Don’t Stay Thirsty

Don’t Stay Thirsty

Daily Reading: (John 4:13-14):

“Jesus answered, “Everyone who drinks this water will be thirsty again, but whoever drinks the water I give them will never thirst. Indeed, the water I give them will become in them a spring of water welling up to eternal life.”

Christianity is not an exclusive religion. This is so clear to everyone who listens to Jesus’ words because salvation is offered to any who will drink. This would have been scandalous in the first century what Jesus did. Because if you back up the story a bit Jesus is talking to a woman and not just any woman, a Samaritan woman. “The Samaritan woman said to him, “You are a Jew and I am a Samaritan woman. How can you ask me for a drink?”(For Jews do not associate with Samaritans”(John 4:9).

Jesus showed how true it is that God does not show favoritism (Acts 10:34).  In fact, God so loved the Samaritans, a despised half Jew half Gentile group of people that at the height of Jesus’ surging popularity God sent Him away from the crowds for the One Samaritan woman. It is a beautiful illustration of our Shepherd leaving behind the 99 for the one lost sheep. 

“Now Jesus learned that the Pharisees had heard that he was gaining and baptizing more disciples than John— although in fact it was not Jesus who baptized, but his disciples. So he left Judea and went back once more to Galilee.Now he had to go through Samaria” (John 4:1-4).

The route Jesus took was not necessary. Samaria was between Judea and Galilee. The direct and usual way was to pass through Samaria. Sometimes, however, the Jews took a detour route on the east side of the Jordan. Because they hated Samaria that much. See Matthew 2:22. “Had to go” through Samaria is speaking of a divine leading not an only route option. “He had to” is the Greek word (dei) which means must or it is necessary, there is need of. Jesus went through Samaria where He left the gaining popularity behind because there is one unpopular person who needed His salvation.

“So he came to a town in Samaria called Sychar, near the plot of ground Jacob had given to his son Joseph. Jacob’s well was there, and Jesus, tired as he was from the journey, sat down by the well. It was about noon” (John 4:5-6).

This is a historical site from the Old Testament. Jesus is at a monument, not just any monument, a monument mentioned in Genesis 33:19. The promise of the blessing (Jesus) has arrived at the altar dedicated to the covenant keeping God of Israel who has promised to bless the world through the Messianic lineage (Genesis 33:19-20, John 4:5).

“When a Samaritan woman came to draw water, Jesus said to her, “Will you give me a drink” (John 4:7)? This is an invitation to friendship. When Jesus asks the Samaritan woman for a drink, it is asking culturally if she will enter into a (saving) relationship with Him? The Gospel just seems too good to be true and we see this in her response, “How can you ask me for a drink?” You can’t possibly want to have anything to do with me. How could God love me?  Because I know what I have done. I know me. And the remarkable message of the Gospel is that God knows you better than you know yourself and He thought you were worth dying for. Jesus’ invitation is a life altering one of friendship- of salvation, everlasting life, a new life, a clean whole and righteous life before God.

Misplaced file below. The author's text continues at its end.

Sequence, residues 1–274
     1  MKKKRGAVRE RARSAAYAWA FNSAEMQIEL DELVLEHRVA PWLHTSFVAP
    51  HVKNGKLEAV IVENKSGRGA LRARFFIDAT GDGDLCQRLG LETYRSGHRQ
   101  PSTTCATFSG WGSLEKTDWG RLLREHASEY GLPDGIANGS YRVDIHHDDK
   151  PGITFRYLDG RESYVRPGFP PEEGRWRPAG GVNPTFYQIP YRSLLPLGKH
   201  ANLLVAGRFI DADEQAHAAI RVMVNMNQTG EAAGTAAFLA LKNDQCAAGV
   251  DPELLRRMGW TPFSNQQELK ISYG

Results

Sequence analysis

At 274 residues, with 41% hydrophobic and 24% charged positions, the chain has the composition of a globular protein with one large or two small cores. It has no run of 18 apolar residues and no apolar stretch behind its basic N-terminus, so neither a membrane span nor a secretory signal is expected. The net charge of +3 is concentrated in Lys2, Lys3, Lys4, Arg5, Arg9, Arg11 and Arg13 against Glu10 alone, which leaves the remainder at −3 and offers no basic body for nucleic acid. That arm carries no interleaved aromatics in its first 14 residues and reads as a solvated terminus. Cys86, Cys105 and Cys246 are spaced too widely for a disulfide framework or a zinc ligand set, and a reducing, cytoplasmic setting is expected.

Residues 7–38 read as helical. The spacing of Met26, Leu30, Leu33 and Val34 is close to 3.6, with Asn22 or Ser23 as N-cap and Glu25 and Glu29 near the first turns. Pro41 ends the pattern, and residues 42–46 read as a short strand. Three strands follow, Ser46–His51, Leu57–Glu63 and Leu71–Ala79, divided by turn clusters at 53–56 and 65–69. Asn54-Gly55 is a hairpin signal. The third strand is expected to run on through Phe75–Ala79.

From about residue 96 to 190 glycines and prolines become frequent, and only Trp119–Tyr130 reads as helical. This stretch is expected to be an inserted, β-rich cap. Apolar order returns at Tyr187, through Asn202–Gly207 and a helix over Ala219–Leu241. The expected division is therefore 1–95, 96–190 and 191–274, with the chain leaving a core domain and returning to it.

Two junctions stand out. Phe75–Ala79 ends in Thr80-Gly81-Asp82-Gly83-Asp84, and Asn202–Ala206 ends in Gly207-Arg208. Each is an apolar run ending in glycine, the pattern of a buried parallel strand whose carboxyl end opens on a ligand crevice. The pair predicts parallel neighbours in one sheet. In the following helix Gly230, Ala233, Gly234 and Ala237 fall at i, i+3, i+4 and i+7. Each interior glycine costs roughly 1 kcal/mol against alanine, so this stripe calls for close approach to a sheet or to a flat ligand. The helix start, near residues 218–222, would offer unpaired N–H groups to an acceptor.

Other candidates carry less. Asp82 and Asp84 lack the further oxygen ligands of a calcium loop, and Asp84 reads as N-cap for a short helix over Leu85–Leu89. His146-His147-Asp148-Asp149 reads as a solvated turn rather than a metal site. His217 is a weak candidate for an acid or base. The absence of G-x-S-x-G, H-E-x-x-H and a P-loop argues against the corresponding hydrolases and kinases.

This woman was searching for love in all the wrong places. She was drawing her self-worth from the wrong well. She kept going back to the relationship well and it never satisfied her soul. She remained thirsty. This brings us to the two verses we start with:Jesus answered, “Everyone who drinks this water will be thirsty again, but whoever drinks the water I give them will never thirst. Indeed, the water I give them will become in them a spring of water welling up to eternal life.”

The woman has encountered Jesus but is still living from her past instead of focusing on what is before her in the present, an opportunity for salvation and a new identity that brings new life. The genius of Jesus is that he meets every one of us at our point of need. The self-righteous need the law to expose their need for a Savior, what the hurting need is grace. The lost and hurting people of the world need a revelation of God our Father who loves us and does not treat us as our sins deserve as we receive the gift of His Son. When the woman finally sees Jesus for who He is her entire life changes.  

The woman said, “I know that Messiah” (called Christ) “is coming. When he comes, he will explain everything to us.” Then Jesus declared, “I, the one speaking to you—I am he” (John 4:25-26). We find that the very reason for being at the well (to have her jug to be filled with water) is left behind. Her spiritual jug has been filled and is overflowing with living water and she has to let people know. ” Then, leaving her water jar, the woman went back to the town and said to the people,“Come, see a man who told me everything I ever did. Could this be the Messiah?” They came out of the town and made their way toward him” (John 4:28-30). The woman who went to the well to avoid everyone is now seeking everyone out with the good news of Jesus Christ (John 4:28-29). That’s what grace does. The crowd that ridiculed you and tried to condemn you are the same ones you are now racing after with a message of hope.

My prayer is that those whose lives have been transformed by the grace of our Lord Jesus Christ will respond in the same way as the woman at the well. Maybe there is someone the Lord is placing on your heart today that could use a message of hope. Would you introduce them to Jesus so they might never thirst again?


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